This cut the running time to about 1.5s. Notice that, I have not try to understand your algorithm yet. Thing only thing I did was to use VizTracer to find the function that needs to be optimized and do same-logic transform. I improved performance by about 300% in like 15 minutes.

To this point, the overhead of VizTracer on WSL is significant, so I turned off the C function trace. Only Python functions were left and the overhead was about 10%.

first fix

Now the get_candidates was improved(although it can be done better), we need to take a bigger picture of this. What I can observe from VizTracer's result was that fill_singles called get_candidates very frequently, just too many calls. (This is something that's hard to notice on cProfiler)

So the next step was to figure out if we can make fill_singles call get_candidates less often. Here it requires some level of algorithm understanding.

    while any_fill:
        any_fill = False
        for i in range(9):
            for j in range(9):
                if len(candidates[i][j]) == 1 and grid[i][j] == 0:
                    grid[i][j] = candidates[i][j][0]
                    candidates = merge(get_candidates(grid), candidates)
                    any_fill = True

It looks like here you tried to fill in one blank with only one candidate, and recalculate the candidates of the whole grid, then find the next blank with one candidate. This is a valid method, but this caused too many calls to get_candidates. If you think about it, when we fill in a blank with a number n, all the other blanks with only one candidate that's not n won't be affected. So during one pass of the grid, we could actually try to fill more blanks in, as long as we do not fill in the same number twice. This way, we can call get_candidates less often, which is a huge time consumer. I used a set to do this.

        filled_number = set()
        for i in range(9):
            for j in range(9):
                if len(candidates[i][j]) == 1 and grid[i][j] == 0 and candidates[i][j][0] not in filled_number:
                    grid[i][j] = candidates[i][j][0]
                    filled_number.add(candidates[i][j][0])
                    any_fill = True
        candidates = merge(get_candidates(grid), candidates)

This brought the running time to 0.9s.

Then I looked at the VizTracer report, I realized fill_singles is almost always called by filter_candidates and the only thing filter_candidates is interested in, is whether fill_singles returns a valid grid. This is an information we might know early, as long as fill_singles finds a position with no candidates. If we return early, we don't need to calculate get_candidates that many times.

So I changed the code structure a little bit, made fill_singles return None if it can't find a valid grid.

Finally I was able to make the run time to 0.5s, which is 900% faster than the original version.

It was actually a fun adventure because I was testing my project VizTracer and tried to figure out if it was helpful to locate the time consuming part. It worked well :)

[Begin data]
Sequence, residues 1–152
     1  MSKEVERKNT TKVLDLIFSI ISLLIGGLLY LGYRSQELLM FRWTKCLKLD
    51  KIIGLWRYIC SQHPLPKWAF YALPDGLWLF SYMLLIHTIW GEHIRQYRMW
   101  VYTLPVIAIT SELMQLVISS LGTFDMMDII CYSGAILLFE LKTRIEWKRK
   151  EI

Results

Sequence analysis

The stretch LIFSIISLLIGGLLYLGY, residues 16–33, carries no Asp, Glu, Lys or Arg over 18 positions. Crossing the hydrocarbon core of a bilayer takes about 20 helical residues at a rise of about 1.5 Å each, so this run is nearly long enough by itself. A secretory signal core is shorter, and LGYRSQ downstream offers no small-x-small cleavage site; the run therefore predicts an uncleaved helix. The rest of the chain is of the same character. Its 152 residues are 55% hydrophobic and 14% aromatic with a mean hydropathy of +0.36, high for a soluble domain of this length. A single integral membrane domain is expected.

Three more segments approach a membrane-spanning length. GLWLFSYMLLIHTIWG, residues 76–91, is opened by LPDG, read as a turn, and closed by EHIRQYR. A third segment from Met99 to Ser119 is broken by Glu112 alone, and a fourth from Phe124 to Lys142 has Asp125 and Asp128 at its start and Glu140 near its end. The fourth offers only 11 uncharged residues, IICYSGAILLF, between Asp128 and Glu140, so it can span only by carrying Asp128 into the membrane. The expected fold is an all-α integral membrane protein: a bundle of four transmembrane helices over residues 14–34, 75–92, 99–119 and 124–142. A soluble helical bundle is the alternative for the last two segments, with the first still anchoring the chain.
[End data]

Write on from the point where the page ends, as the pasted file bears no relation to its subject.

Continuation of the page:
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  • \$\begingroup\$ That's amazing! Your modifications are quite simple but they vastly improve performance. I'll perform try performing similar analyses in the future. Congratulations on VizTracer! Great tool. I'll use it in the future. \$\endgroup\$ Aug 25 '20 at 3:43
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    \$\begingroup\$ Thanks! I was hoping that VizTracer can help people on problems like this. My boss once told me, never optimize without profiling. A good profiler is indeed very helpful to improve the performance :) \$\endgroup\$
    – minker
    Aug 25 '20 at 5:17
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Numpyification

get_subgrids essentially rearranges a numpy array with a minimum of numpy. It could be done with numpy itself, for example:

def get_subgrids(grid: np.ndarray) -> np.ndarray:
    """Divide the input grid into 9 3x3 sub-grids"""

    swapped = np.swapaxes(np.reshape(grid, (3, 3, 3, 3)), 1, 2)
    return np.reshape(swapped, (9, 9))

The downside I suppose is that swapping the middle two axes of a 4D array is a bit mind-bending.

Performance

Almost all time is spent in get_candidates. I think the reasons for that are mainly:

  • It gets called too often. For example, after filling in a cell (such as in fill_singles), rather than recompute the candidates from scratch, it would be faster to merely remove the new value from the candidates in the same row/col/house.
  • If a cell is filled, the list of candidates is just the filled-in value, but the expensive set computation is done anyway. That's easy to avoid just by moving those statement inside the if.

Algorithmic performance

This solver only makes use of Naked Singles as a "propagation technique", adding Hidden Singles is in my experience a very large step towards an efficient solver.

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  • \$\begingroup\$ Thank you very much for your review. I couldn't find of way to numpify the sub-grids and your recommendation is spot on. One question, how did you find that the get_candidates function is the most used? Was it by simple checking of the code or did you use any tool? Thanks again. \$\endgroup\$ Aug 23 '20 at 22:19
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    \$\begingroup\$ @fabrizzio_gz I used %%prun in a jupyter notebook, if you're running the code as standalone script you could use one of these \$\endgroup\$
    – harold
    Aug 23 '20 at 22:26
  • \$\begingroup\$ Great to know. Thanks a lot. \$\endgroup\$ Aug 24 '20 at 3:22